Tag Archive - Linda Clare

Writing Mechanics: Avoiding the “I” Trap and Other Irritants

In today’s post editor Linda Clare continues our look at Fatal Flaw #12: Flawed Writing Mechanics. We’ve taken a look at scene structure, and now we’ll cover some of the smaller bits that jam up the gears of writing mechanics.

This week we’re discussing how poor writing mechanics can lead to dull writing. Let’s examine how repetitive pronoun/proper name use and other small mistakes can weaken fiction and what we can do to strengthen our work.

Get Out of the “I” Trap

In the Julia Roberts/Brad Pitt movie The Mexican, Roberts leans out a window, hurling all Pitt’s possessions on him. He protests, “But I . . . I . . . ”

She yells back. “I, I, I, I, I. It’s always about you, Jerry.” She then throws something else onto his head.

When writers overuse pronouns in their fiction, I think of this scene. Every writer faces the same challenge: how to communicate the story without boring readers by repeating pronouns at the beginning of sentences. Continue Reading…

Weasel Words: The Cure for Prepositional Phrase-itis

This week editor Linda Clare continues our look at Fatal Flaw #11 – Pesky Adverbs and Weasel Words. 

This month, our posts are all about the words writers commonly overuse or use improperly.

Let’s look at how prepositions are abused in fiction and how to fix them.

A prepositional phrase is often a directional or time place-keeper. Common prepositions include in, to, of, from, on, over, under, through, above, and below. Writers use them to help readers imagine scenes more completely. Instead of floating in space, a character stands in the room. She lays her keys on the table and opens a letter from a long-lost lover. When she slumps to the floor, readers are grounded.

It’s difficult to write much of anything without using prepositions. Yet writers often overuse them—just in case readers didn’t get the gist of a sentence the first time. In this case, prepositions become weasel words: they’re unnecessary, distracting, and wordy. A case in point might be a paragraph with a POV character moving through it:

Continue Reading…

Tricks to Writing Descriptions in First-Person POV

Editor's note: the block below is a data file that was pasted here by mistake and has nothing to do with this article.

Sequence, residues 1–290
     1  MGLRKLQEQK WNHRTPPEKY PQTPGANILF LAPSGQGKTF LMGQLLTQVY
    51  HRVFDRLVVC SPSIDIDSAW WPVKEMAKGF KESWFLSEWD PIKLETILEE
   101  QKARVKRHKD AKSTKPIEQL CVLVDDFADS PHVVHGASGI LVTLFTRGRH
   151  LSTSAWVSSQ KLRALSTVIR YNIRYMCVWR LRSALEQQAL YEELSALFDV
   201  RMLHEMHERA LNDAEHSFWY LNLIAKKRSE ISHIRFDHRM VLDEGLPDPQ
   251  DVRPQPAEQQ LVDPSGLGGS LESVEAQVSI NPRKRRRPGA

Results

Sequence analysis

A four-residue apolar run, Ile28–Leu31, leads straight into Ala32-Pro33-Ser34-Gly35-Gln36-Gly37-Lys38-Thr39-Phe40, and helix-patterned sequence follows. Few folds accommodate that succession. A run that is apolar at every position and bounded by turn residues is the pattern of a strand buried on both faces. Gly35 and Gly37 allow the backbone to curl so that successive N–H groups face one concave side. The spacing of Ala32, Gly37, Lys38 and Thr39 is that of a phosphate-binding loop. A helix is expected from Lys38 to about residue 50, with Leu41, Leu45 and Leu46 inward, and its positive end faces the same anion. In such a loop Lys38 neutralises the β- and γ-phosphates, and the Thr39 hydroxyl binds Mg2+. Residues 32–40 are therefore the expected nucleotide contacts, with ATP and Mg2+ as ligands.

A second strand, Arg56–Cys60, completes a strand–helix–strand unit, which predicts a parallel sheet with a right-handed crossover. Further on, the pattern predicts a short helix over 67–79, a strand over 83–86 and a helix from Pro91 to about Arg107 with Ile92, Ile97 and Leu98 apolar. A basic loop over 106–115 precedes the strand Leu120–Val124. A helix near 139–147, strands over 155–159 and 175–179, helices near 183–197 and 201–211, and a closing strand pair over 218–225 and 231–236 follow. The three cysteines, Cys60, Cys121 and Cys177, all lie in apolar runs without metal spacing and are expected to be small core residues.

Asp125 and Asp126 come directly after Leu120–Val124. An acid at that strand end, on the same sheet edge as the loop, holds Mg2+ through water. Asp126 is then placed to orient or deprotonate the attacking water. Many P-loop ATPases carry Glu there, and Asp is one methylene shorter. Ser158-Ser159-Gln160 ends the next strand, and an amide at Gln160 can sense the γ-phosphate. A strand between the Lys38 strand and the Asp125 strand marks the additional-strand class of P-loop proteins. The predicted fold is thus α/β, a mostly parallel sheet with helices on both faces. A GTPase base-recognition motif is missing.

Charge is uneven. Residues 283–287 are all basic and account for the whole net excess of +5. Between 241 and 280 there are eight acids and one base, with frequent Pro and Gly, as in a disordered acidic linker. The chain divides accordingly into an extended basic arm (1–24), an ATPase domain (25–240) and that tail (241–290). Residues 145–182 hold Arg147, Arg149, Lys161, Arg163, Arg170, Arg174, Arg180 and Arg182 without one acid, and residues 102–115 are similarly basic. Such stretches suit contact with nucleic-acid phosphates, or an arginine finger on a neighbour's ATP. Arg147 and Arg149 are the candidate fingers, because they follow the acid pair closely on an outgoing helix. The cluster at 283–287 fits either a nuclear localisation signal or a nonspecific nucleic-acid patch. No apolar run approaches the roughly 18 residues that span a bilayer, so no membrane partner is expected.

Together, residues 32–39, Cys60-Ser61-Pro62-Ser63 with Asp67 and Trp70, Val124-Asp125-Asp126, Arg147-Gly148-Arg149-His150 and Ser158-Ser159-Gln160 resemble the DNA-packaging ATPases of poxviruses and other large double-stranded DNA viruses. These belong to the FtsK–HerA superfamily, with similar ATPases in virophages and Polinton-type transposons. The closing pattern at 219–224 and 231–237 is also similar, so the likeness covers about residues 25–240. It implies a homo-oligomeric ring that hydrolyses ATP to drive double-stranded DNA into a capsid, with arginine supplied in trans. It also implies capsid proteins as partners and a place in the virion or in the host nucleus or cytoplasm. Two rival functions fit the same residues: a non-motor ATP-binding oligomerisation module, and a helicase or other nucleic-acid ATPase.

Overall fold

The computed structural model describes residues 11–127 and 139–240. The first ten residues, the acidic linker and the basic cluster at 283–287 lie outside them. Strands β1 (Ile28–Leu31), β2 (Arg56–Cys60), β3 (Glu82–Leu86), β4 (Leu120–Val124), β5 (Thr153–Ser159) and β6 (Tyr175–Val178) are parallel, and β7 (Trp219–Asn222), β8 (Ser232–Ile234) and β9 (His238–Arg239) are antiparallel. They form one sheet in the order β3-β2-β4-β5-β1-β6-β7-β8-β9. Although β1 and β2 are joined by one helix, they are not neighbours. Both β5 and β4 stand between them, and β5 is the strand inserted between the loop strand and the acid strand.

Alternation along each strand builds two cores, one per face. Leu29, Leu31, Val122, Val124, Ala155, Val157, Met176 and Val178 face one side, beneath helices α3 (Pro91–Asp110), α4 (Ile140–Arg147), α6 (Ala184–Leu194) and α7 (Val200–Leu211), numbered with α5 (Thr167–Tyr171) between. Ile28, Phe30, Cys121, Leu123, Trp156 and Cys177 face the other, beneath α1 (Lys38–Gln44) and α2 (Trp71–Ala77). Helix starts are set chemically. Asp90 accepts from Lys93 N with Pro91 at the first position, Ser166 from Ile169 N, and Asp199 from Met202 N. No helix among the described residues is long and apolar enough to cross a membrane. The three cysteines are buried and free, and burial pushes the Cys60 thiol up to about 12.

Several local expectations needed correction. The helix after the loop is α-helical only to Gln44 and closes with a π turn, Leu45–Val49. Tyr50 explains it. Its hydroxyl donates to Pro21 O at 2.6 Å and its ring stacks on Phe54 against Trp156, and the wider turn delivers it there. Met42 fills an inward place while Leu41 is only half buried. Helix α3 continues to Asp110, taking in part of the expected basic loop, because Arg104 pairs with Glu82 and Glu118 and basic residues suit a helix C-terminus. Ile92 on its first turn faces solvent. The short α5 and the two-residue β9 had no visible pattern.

Today editor Linda Clare continues our look at Fatal Flaw #10: Description Deficiencies and Excesses. Knowing how, when, and in what way to add in description can often be tricky, so take a look at these suggestions Linda offers (if you missed the first post covering this fatal flaw, read it here).

This month we’re examining ways to balance description in fiction. Writers often struggle to find this balance—too much description bogs down pace and tension; too little will muffle the immersive experience readers crave. In a first-person story this is especially true.

Manage  Camera Angles

A first-person point of view brings the camera as close as it gets. We know only what the character knows, and we feel what the character feels. In your own first-person viewpoint, you take in a wide range of objects, sounds, smells, tastes, and textures every moment. If you tried to write realistically to include all this, the reader wouldn’t know what to pay attention to, what was important, and what was simply enriching the scene.

In fiction, it’s important to manage the camera shots the first-person character experiences, including mostly details that point to the story problem—even if the character and the readers don’t realize it yet.

Remember, describing something in detail says to readers, “Remember this! It’s important!” Being less descriptive or leaving out a detail says, “This isn’t vital to the story—move along.” Continue Reading…

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